Translation: monster cat, ghost cat
Habitat: towns and cities
Diet: carnivorous; fish, birds, small animals, and occasionally humans
Appearance: Cats, feral and domestic, are all over Japan. They are in houses as pets, on farms as exterminators, or in cities and towns as strays. Like many of Japan’s animals, when cats live to an old age they develop supernatural powers and transform into yōkai. Bakeneko begin their supernatural life looking almost identical to an ordinary housecat. Soon they begin to walk about at on their hind legs. As they age and their powers increase, they can grow large indeed—up to the size of a full-grown human.
Behavior: Bakeneko possess great shape-shifting abilities and disguise themselves as smaller cats or humans—sometimes even taking the shape of their own masters. Many learn to speak human languages. While in disguise, they are known to dress up as humans with towels wrapped around their heads. In this form bakeneko dance around merrily. While this sounds frivolous and even cute, bakeneko are a menace to any house they live in or near. They can eat things that are much bigger than they are, and can even consume poisonous things without difficulty. It is possible for a bakeneko to eat its own master and then assume his form, living in his place. If they do not directly kill their owners, they can bring down great curses and misfortune. They can summon ghostly fireballs and are known to accidentally start house fires, their tails acting like torches igniting any flammable materials in the house. Bakeneko also have the disturbing ability to reanimate fresh corpses and use them like puppets for their own nefarious purposes.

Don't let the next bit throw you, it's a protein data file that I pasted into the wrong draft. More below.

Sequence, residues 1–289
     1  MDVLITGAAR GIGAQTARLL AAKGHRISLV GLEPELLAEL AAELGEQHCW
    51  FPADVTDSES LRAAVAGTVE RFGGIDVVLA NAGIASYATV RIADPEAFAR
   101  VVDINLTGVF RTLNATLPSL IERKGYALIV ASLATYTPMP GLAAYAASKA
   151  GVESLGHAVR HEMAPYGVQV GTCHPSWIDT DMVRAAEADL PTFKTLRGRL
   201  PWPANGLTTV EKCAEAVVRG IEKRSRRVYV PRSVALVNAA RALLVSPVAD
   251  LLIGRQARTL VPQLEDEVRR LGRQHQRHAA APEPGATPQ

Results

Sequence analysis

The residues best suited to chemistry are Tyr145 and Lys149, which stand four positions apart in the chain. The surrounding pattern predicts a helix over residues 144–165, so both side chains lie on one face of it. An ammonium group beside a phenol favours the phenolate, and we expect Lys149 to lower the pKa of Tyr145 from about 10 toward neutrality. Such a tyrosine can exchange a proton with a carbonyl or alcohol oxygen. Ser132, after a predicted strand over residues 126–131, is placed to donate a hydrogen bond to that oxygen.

Origin: Bakeneko can come into being as a result of a number of things, but the most common reasons are by being long-lived (over 13 years old), growing to a certain size (over 3.75 kilograms), or by licking up large quantities of lamp oil. A telltale sign that a cat may be close to becoming a bakeneko is believed to be an exceptionally long tail. The older and wiser a cat gets, the longer its tail becomes. This superstition led to the custom of bobbing cats’ tails at an early age to prevent them from transforming into yōkai.